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December 2007

A Firm Papule on the Lateral Tongue—Diagnosis

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Copyright 2007 American Medical Association. All Rights Reserved. Applicable FARS/DFARS Restrictions Apply to Government Use.2007

Arch Dermatol. 2007;143(12):1583-1588. doi:10.1001/archderm.143.12.1583-g

Histopathologic evaluation revealed an increased number of fibroblasts within thickened fibrotic collagenous tissue in the submucosa. These fibroblasts appeared stellate and displayed characteristic large and angulated nuclei (Figure 3). Occasional multinucleated fibroblasts were also present.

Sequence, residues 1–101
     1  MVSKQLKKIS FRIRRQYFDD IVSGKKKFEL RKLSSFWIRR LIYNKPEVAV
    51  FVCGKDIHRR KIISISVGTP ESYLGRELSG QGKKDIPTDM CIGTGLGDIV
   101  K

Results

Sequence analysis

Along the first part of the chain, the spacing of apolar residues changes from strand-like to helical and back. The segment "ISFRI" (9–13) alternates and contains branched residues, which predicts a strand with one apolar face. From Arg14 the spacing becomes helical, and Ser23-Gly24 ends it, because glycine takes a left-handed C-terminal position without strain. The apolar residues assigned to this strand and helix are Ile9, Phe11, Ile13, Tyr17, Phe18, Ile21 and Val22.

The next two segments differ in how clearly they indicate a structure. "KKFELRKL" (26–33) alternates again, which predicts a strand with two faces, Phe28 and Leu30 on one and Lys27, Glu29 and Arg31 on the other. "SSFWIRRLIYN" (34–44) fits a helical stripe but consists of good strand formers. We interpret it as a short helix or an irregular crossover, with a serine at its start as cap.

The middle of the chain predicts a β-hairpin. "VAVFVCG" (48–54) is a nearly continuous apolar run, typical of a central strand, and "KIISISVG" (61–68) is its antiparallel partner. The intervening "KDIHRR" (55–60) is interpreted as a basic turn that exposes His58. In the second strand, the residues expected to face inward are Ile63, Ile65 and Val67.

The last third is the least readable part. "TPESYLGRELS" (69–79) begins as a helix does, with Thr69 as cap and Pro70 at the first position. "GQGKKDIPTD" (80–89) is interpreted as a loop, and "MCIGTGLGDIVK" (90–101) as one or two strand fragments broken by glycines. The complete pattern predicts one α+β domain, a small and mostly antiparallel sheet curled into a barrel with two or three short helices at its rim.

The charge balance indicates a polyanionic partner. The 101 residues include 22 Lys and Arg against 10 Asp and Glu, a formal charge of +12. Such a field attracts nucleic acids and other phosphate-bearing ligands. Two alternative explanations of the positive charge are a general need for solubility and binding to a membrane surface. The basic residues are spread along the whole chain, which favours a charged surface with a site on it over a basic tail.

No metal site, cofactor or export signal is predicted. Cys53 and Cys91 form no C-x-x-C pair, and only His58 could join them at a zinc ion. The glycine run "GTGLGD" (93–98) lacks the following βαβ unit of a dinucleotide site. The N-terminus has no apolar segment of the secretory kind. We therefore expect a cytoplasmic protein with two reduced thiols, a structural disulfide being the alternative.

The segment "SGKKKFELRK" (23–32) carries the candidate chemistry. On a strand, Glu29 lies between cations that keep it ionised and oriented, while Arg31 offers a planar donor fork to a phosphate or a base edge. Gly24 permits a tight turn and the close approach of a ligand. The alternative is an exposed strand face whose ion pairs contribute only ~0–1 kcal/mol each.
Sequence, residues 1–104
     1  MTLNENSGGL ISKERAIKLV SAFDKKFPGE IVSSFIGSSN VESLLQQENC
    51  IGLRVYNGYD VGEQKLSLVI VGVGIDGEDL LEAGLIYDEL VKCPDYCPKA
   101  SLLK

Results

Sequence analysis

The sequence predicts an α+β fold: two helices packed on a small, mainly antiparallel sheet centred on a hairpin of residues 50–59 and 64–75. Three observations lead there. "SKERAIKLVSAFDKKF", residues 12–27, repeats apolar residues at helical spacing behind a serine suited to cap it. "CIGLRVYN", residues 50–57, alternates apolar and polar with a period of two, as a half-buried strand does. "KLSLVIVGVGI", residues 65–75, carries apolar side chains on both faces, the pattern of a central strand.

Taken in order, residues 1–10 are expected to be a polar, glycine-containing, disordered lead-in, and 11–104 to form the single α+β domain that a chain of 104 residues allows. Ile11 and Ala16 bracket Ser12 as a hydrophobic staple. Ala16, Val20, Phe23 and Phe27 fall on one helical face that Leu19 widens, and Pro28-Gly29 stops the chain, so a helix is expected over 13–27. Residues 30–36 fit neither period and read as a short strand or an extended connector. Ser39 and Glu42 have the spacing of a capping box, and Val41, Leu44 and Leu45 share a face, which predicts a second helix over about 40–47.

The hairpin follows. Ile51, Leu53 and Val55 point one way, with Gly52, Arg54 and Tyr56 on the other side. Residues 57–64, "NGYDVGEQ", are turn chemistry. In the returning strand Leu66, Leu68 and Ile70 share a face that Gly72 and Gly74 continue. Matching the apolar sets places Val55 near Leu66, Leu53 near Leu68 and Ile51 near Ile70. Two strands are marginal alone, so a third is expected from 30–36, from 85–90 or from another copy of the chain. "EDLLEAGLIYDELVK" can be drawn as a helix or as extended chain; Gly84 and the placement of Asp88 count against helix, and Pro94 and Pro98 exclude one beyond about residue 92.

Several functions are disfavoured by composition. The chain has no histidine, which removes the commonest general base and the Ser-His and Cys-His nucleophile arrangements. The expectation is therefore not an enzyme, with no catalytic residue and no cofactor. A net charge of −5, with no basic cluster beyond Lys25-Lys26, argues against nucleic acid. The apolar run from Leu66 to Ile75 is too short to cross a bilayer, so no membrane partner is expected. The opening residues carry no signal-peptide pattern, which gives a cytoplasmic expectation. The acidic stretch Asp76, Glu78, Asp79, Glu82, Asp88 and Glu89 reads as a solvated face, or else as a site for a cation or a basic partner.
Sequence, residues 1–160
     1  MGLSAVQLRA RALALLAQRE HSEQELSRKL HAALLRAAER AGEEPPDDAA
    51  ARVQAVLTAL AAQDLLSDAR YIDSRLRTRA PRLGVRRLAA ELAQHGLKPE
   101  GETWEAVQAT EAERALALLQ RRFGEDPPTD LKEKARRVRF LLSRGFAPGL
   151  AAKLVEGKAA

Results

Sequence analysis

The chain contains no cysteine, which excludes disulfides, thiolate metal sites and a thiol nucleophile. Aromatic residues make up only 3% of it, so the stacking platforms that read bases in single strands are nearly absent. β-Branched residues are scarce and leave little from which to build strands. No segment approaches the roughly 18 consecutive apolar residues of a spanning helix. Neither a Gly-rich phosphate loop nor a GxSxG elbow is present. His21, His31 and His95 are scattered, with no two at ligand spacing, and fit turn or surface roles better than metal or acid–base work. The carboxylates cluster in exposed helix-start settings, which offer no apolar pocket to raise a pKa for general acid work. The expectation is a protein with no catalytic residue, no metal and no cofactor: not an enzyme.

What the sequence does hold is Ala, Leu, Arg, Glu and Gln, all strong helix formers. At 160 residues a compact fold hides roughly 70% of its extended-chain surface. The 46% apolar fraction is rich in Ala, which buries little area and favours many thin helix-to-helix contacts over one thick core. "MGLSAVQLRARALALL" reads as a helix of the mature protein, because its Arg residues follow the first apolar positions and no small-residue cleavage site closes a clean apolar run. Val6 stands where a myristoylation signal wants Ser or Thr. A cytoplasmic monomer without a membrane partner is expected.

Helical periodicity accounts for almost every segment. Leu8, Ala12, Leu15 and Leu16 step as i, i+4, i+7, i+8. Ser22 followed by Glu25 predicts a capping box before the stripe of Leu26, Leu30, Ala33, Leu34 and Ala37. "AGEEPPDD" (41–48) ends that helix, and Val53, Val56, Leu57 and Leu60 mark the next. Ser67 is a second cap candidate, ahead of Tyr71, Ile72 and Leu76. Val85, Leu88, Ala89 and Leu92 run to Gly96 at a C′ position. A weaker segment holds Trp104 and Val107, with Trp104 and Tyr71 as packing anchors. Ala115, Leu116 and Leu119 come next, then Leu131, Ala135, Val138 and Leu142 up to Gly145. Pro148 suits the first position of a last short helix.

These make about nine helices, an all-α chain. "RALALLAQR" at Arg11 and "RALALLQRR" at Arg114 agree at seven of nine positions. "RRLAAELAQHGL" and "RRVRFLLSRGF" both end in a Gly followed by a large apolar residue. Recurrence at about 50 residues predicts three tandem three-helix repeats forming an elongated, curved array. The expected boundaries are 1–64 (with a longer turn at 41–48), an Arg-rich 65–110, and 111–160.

Giant cell fibroma (GCF) was first described by Weathers and Callihan1 in 1974. It is classified as a benign fibrous hyperplasia of the oral cavity, most likely resulting from chronic irritation or trauma. Although it remains controversial whether to distinguish GCF from other forms of fibrous hyperplasia, most authorities have listed it as a separate entity because of its histopathologic characteristics and natural history.2 Clinically, GCF tends to affect young adults in the first 3 decades of life, with a female preponderance. Classically, the lesion presents as a single, firm, pebbly-surfaced, nontender, mucosal-colored papule, measuring less than 1 cm. The most common location is the mandibular gingiva, followed by the tip and lateral border of the tongue and the buccal mucosa.3 This tumor must be differentiated from irritation hyperplasias, peripheral ossifying fibroma, granular cell tumor, and mucosal neuroma. Compared with GCF, irritation hyperplasias are more common in an older age group, with the most common location being within the buccal mucosa.4 Similar in name only, fibromatosis of the tongue is a locally aggressive tumor of musculoaponeurotic tissue origin with a high rate of local recurrence.5

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